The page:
New national data on the occurrence of triple-negative breast cancer (TNBC) among different racial groups confirms that the disease is more common among Black women nationwide. A state-by-state analysis in the study, published online in JAMA Oncology, shows that these trends persist at the state level.
The analysis revealed that incidence rate ratios of TNBC were significantly higher among Black women, compared with White women, in all states with data on this population. Rates ranged from a low of 1.38 in Colorado to a high of 2.32 in Delaware.
The state-level disparities highlight gaps in physicians’ understanding of how social factors contribute to disparities in TNBC risk and the need “to develop effective preventative measures,” the study authors explain.
“We’ve realized for a long time that Black women have a higher incidence of TNBC. This is related to the genetic signature of the cancer. So that is not at all surprising,” said Arnold M. Baskies, MD, past chairman of the national board of directors of the American Cancer Society, Atlanta, who was not involved in the research. However, “the variance of TNBC among women from state to state is somewhat surprising.”
Existing research shows that TNBC is diagnosed more frequently among non-Hispanic Black women than among other populations in the United States, but it’s unclear whether these racial and ethnic disparities differ at the state level.
The authors identified 133,579 women with TNBC from the U.S. Cancer Statistics Public Use Research Database whose conditions were diagnosed from January 2015 through the end of December 2019. Most patients (64.5%) were White, 21.5% were Black, nearly 10% were Hispanic, 3.7% were Asian or Pacific Islander, and 0.6% were American Indian or Alaska Native. States with fewer than 30 cases were excluded, as was Nevada, owing to concerns regarding data quality. That left eight states for American Indian or Alaska Natives, 22 for Asian or Pacific Islanders, 35 for Hispanic women, 38 for Black women, and 50 for White women.
Overall, the incidence ratios of TNBC were highest among Black women (IR, 25.2 per 100,000), followed by White women (IR, 12.9 per 100,000), American Indian or Alaska Native women (IR, 11.2 per 100,000), Hispanic women (IR, 11.1 per 100,000 women), and Asian or Pacific Islander (IR, 9.0 per 100,000) women.
The authors also uncovered significant state-by-state variations in TNBC incidence by racial and ethnic groups. The lowest IR rates occurred among Asian or Pacific Islander women in Oregon and Pennsylvania – fewer than 7 per 100,000 women – and the highest occurred among Black women in Delaware, Missouri, Louisiana, and Mississippi – more than 29 per 100,000 women.
In the 38 states for which data on Black women were available, IR rates were significantly higher among Black women in all 38, compared with White women. The IR rates ranged from a low of 1.38 (IR, 17.4 per 100 000 women) in Colorado to a high of 2.32 (IR, 32.0 per 100 000 women) in Delaware.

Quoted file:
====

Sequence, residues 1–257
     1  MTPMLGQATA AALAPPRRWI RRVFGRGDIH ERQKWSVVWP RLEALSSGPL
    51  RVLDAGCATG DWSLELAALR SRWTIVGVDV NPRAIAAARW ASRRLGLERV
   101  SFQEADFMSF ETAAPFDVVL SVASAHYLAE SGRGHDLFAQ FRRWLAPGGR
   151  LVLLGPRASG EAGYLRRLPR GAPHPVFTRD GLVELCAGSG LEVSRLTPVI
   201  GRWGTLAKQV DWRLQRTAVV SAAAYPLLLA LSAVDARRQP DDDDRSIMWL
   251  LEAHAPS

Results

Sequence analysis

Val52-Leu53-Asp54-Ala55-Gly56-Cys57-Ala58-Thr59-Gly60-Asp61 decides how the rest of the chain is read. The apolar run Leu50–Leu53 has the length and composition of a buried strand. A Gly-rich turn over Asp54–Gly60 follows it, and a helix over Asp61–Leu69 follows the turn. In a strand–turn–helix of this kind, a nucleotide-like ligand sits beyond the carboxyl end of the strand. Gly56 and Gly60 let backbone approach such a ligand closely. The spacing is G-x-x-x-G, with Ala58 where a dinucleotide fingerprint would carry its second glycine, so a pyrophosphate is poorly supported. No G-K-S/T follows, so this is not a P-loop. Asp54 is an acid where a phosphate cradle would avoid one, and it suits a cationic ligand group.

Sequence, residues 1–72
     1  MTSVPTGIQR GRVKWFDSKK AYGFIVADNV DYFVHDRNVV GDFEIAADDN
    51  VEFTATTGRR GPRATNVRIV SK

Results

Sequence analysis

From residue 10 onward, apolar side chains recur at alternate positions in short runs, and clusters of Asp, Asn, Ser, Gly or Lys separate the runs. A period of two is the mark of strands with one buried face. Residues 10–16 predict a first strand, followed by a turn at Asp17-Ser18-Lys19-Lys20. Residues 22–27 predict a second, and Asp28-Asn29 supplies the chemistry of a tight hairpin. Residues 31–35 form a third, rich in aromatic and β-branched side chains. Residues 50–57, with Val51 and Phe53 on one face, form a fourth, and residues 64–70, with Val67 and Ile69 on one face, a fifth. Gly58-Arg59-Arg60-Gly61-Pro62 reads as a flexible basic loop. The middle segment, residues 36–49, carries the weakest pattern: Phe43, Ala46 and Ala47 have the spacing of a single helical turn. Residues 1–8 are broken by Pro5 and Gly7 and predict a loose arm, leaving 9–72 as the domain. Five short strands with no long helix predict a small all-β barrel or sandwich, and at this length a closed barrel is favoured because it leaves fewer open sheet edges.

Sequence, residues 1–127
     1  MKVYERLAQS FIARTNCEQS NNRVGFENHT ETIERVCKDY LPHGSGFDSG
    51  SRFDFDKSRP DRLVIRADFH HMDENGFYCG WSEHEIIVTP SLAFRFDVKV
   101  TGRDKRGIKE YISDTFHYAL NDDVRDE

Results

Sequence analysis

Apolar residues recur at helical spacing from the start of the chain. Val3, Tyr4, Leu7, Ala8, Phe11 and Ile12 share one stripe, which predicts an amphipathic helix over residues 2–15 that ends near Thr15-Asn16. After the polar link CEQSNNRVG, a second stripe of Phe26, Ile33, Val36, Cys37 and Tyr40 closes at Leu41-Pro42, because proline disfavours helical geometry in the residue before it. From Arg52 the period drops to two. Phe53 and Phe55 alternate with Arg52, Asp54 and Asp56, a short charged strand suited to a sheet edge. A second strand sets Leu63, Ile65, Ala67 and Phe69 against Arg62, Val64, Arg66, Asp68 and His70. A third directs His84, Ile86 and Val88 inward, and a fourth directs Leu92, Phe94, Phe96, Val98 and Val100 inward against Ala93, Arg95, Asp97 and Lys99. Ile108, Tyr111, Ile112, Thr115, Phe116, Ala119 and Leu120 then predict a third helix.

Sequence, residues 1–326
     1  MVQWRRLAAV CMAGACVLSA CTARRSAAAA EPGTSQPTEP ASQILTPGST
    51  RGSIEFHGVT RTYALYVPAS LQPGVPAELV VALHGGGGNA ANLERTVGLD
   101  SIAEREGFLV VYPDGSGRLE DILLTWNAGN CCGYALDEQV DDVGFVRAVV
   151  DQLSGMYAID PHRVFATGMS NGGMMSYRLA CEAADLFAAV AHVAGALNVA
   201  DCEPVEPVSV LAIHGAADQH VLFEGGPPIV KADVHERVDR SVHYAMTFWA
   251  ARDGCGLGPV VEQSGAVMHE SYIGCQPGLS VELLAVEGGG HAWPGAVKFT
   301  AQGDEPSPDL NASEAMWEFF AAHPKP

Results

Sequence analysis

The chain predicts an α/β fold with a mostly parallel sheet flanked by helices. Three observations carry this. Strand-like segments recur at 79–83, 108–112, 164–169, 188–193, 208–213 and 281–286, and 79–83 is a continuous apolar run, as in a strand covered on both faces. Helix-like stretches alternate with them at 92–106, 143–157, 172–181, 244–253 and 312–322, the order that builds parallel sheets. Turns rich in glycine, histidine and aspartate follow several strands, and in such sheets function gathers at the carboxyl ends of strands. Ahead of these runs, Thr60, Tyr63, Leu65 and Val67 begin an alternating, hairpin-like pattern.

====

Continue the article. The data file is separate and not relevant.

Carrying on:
While genetics play a role in TNBC risk, “the substantial geographic variation we found within each racial and ethnic group is highly suggestive that there are structural, environmental, and social factors at play in determining women’s risk of TNBC,” said lead study author Hyuna Sung, PhD, senior principal scientist and cancer epidemiologist at the American Cancer Society, Atlanta.
Existing evidence indicates that Black and White women living in socioeconomically disadvantaged neighborhoods are at higher risk of developing more aggressive subtypes of breast cancer, Dr. Sung said. Another factor, Dr. Sung and co-authors note, is breastfeeding. Across races, women who breastfeed have lower rates of TNBC.
Getting more definitive answers as to what causes differences in TNBC rates across states and what strategies can help reduce these disparities will be difficult and requires more research. “We really need to do a better job at researching and treating TNBC to improve health care equality for all women,” Dr. Baskies said. “The mortality rates from this cancer are high, and we rely heavily on surgery and toxic chemotherapy to treat it.”
Dr. Sung agreed, noting that “the observed state variation in TNBC rates merits further studies with risk factor data at multiple levels to better understand the associations of social exposures with the risk of TNBC.”
In states such as Louisiana and Mississippi, which are known to have a disproportionately higher burden of many types of cancers, “addressing barriers to access to preventive care and empowering public health efforts to promote a healthy living environment are the best policy prescription that could be deduced from our results,” Dr. Sung concluded.
Dr. Baskies is on the board of directors of Anixa Biosciences, which is currently conducting a clinical trial of a TNBC vaccine at the Cleveland Clinic. Dr. Sung has disclosed no relevant financial relationships.
A version of this article first appeared on Medscape.com.